Florida map generated by the Great Circle Mapper – copyright © Karl L. Swartz.

There is a lot going on here, but the most notable add here is the decision to fly from Philly to four cities in Florida (plus San Juan) starting August 6. This market actually feels a lot like Newark. It’s a bottomless market where Southwest has failed to gain much traction — it used to serve 6 cities in Florida from Philly but now only serves Orlando more than daily with limited options to Ft Lauderdale and Tampa — and the ULCCs have started to move in. JetBlue again wants to be the tweener.

What exactly is American going to do? Worst case, American beefs up capacity and pushes hard to get JetBlue to fail. Not much will have been lost if that happens, but if it truly is a bottomless pit, then JetBlue will at least make its airplane productive.

The October 1 adds are a different animal. Outside of beefing up Florida focus cities with longer-haul flights (SF to Orlando and both Seattle and Portland to Ft Lauderdale), JetBlue is looking to send people from spots up north down into Florida. Most of these have ULCC competition, so JetBlue is trying to provide a higher level of service for the discriminating Providence traveler.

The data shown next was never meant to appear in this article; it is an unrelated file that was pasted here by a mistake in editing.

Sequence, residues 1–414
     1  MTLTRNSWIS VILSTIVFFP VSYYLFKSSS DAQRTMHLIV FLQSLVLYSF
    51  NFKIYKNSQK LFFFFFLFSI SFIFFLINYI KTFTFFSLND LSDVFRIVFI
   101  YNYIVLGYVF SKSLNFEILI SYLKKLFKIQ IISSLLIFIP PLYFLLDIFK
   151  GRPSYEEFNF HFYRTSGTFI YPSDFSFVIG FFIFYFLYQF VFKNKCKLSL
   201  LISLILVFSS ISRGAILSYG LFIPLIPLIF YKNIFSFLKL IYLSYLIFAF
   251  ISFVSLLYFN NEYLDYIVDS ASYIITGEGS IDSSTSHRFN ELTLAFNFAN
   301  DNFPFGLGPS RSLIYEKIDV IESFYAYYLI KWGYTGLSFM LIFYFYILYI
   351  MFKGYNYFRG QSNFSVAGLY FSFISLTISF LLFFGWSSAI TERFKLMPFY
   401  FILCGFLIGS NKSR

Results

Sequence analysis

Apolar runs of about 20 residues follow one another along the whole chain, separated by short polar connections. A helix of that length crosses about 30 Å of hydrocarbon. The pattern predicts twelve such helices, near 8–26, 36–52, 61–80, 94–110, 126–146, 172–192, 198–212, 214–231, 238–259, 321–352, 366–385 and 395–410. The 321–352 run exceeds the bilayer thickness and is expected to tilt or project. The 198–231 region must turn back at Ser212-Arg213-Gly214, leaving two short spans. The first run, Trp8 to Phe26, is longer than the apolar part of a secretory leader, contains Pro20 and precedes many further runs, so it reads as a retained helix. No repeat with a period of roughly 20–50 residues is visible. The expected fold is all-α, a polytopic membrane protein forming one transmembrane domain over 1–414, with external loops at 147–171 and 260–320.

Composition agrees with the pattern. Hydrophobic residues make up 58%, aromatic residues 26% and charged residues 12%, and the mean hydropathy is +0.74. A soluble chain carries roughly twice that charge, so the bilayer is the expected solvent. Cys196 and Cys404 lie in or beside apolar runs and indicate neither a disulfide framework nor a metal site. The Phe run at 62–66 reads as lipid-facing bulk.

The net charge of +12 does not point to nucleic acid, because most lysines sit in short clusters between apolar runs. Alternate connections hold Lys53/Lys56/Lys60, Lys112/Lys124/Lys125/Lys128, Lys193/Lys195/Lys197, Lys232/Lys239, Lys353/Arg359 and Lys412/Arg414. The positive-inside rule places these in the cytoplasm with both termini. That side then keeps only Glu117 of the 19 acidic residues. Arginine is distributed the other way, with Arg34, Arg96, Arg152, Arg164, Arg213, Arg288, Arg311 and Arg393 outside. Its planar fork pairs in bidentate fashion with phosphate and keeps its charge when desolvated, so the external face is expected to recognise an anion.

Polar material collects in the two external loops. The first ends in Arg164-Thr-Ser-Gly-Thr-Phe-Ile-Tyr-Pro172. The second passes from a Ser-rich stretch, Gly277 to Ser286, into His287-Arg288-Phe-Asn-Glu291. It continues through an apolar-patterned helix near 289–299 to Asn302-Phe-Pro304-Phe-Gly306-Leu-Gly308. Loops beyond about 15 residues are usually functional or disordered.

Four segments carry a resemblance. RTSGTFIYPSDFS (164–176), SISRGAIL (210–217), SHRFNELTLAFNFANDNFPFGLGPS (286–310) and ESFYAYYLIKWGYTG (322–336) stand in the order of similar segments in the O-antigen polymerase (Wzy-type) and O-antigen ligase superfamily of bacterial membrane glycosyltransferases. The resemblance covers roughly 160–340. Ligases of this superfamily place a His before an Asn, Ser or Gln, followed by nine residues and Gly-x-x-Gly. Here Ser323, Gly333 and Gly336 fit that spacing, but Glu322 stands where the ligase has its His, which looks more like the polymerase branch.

In general, these are big markets, and that’s important. JetBlue only wants to operate A320s here. It can fly lower fares with more seats full versus an Embraer 190, and it needs that, because these are going to be cheap fares.

Act Three: Anything Goes

Lastly, we have three oddball markets that I find perplexing. JetBlue has opted to go twice daily into three business markets from JFK that it has avoided for years:

  • Dallas/Fort Worth (July 23)
  • Detroit (July 23)
  • Minneapolis/St Paul (August 6)

What is the airline thinking? Well, it’s probably thinking:

  1. I have a lot of unused slots at JFK right now, and these have always been further down the list